The United Kingdom (Britain and Ireland) in the 1830s and 1840s. The "Age of Reform." Endlessly deep and fascinating. Almost every aspect of government's relations to the human condition was debated in depth during this highly-compressed period: political rights, workers' rights, the rights of women and children, economic rights, and on and on. Things get much less interesting in the 1850s.


2.  If you weren't teaching history, what would you be doing? 

I would be in politics, law, or journalism.


3.  What is your favorite piece or event of Pittsburgh history?

The Pirates winning the 1971 World Series.


4.  What one book would you recommend to every student of history? 

There are too many to list.

5.  The classic dinner question - what historical figures (up to 5) would you have to dinner? and just as important - what is the main course?

Charles Barry (British architect), Augustus Welby Pugin (British architect), Lord Duncannon (British politician), Joseph Hume (British politician), and Sir George Hayter (British painter), all because I'm doing research on them now and could get some exclusive interviews and ask them to save all their letters solely for my research. Main course -- lamb with rosemary, roast potatoes, peas, claret and port.


6.  Does history really repeat itself?

No.


7.  What historical location and during what time period would you have liked to lived?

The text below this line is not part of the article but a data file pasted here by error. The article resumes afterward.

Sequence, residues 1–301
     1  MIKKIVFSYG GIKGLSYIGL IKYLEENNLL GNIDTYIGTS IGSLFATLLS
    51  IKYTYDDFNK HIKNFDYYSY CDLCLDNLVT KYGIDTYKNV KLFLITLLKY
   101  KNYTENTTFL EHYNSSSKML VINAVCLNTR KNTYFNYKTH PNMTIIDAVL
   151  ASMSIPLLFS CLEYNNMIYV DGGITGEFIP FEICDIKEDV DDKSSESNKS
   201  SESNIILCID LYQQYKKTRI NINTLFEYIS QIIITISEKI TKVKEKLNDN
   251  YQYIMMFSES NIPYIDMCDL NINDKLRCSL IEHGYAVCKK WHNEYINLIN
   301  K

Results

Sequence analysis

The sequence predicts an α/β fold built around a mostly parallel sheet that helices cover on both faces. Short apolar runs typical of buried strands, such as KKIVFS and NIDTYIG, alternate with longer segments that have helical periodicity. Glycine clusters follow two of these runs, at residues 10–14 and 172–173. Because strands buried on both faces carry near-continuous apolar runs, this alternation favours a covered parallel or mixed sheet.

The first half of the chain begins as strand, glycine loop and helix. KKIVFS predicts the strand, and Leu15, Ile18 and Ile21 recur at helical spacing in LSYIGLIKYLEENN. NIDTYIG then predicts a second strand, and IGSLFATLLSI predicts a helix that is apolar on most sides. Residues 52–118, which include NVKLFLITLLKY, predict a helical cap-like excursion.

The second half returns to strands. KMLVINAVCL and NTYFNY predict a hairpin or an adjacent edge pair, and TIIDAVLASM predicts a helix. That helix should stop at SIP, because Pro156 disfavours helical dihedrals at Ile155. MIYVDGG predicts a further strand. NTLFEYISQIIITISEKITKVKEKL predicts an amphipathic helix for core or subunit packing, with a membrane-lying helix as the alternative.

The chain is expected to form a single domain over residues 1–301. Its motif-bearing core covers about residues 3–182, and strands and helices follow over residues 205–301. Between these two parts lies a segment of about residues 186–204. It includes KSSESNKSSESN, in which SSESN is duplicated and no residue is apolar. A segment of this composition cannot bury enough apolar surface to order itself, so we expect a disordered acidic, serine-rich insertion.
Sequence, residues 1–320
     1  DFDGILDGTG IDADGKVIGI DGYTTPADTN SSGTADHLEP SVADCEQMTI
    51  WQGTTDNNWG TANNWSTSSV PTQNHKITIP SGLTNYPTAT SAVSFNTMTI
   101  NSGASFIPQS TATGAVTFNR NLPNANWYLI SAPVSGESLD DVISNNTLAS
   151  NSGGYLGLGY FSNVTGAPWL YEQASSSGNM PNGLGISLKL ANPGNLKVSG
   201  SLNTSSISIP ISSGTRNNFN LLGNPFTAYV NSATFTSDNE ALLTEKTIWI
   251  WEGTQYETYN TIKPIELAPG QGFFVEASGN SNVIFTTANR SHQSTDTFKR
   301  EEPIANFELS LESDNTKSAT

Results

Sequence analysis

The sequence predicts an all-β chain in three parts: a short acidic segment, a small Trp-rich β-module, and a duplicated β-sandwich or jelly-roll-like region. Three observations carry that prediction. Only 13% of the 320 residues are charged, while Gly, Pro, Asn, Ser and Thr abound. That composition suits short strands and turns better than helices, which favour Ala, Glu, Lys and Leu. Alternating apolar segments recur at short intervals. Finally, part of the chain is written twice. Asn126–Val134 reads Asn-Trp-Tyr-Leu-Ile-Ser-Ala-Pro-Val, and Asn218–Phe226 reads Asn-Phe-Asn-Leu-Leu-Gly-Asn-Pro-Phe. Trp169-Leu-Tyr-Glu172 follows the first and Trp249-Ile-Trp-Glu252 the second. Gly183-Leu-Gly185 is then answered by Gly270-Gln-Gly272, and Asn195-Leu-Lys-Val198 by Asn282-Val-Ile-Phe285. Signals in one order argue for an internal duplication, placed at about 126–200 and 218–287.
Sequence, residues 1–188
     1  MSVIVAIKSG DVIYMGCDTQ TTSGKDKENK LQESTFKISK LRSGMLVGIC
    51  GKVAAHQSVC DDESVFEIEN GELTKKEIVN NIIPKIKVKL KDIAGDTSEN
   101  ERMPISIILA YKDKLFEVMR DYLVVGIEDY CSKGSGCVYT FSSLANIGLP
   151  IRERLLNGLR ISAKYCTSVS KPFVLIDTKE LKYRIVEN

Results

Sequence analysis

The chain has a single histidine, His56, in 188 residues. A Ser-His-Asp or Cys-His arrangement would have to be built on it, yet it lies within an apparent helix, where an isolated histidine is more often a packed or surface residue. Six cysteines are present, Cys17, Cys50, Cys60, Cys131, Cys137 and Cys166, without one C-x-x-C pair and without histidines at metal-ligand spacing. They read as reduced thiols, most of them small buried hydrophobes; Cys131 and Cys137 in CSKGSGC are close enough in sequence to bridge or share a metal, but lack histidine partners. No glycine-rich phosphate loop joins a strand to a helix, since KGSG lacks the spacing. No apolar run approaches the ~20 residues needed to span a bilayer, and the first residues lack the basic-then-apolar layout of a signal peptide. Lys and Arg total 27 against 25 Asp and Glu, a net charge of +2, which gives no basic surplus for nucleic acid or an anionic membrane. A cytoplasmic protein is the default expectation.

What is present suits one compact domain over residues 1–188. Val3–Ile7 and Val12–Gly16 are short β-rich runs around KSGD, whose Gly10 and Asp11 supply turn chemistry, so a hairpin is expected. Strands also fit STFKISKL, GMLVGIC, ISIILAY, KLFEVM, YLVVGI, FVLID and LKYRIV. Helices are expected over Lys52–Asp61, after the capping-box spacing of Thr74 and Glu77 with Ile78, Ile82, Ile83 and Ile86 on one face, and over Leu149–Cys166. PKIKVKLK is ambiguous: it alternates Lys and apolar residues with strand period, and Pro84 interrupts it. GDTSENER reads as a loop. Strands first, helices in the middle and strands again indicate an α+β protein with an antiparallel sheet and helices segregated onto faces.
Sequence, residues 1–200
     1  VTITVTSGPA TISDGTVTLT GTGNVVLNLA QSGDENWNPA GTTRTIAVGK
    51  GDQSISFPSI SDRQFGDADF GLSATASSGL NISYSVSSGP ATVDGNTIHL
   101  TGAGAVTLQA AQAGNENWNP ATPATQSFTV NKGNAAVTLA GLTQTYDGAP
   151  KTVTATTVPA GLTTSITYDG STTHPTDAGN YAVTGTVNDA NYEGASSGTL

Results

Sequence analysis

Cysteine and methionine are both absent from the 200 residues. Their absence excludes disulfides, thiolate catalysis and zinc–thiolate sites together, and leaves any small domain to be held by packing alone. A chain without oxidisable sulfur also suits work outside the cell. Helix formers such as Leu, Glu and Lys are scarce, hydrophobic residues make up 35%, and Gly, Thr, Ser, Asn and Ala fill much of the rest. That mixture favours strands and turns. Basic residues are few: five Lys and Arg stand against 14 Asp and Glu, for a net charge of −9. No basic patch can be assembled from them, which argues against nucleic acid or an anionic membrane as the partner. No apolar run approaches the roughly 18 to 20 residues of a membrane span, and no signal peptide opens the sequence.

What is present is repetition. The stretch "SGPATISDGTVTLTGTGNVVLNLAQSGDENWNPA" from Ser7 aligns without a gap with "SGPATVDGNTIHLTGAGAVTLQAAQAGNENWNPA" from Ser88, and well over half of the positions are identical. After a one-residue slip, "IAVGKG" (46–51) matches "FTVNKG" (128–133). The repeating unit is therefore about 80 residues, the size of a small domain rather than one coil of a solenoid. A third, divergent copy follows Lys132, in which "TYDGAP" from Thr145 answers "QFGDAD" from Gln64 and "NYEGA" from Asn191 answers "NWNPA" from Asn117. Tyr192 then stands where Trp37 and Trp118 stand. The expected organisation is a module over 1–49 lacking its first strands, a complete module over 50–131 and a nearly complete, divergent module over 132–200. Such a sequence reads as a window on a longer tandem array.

I would like to have lived in Madrid in December 1863, so that I could strangle the infant George Santayana in his crib. Then he would never have grown up to say, "those who cannot remember the past are condemned to repeat it" (often misquoted in various ways -- "those who do not learn from history,...", etc). And humanity would never be plagued by what has become a threadbare and meaningless cliche.


8.  Who/what leader had the coolest historical costume? 

Spartacus.


9.  What is the most significant historical moment you have known in your lifetime?

The fall of the Berlin Wall and the collapse of Eastern European/Soviet socialism.


10. Do you have a favorite historical quote or reference?  

No.

Friday, February 11, 2011

FACULTY SPOTLIGHT: Dr. Jing "Jay" Li


We continue with our Faculty Spotlight series by highlighting Dr. Jing "Jay" Li.  Dr. Li joined the Duquesne University Department of History in 2002.  We're thrilled to announce that his first book, China's America: The Chinese View the United States, 1900-2000, will be released next month by SUNY Press.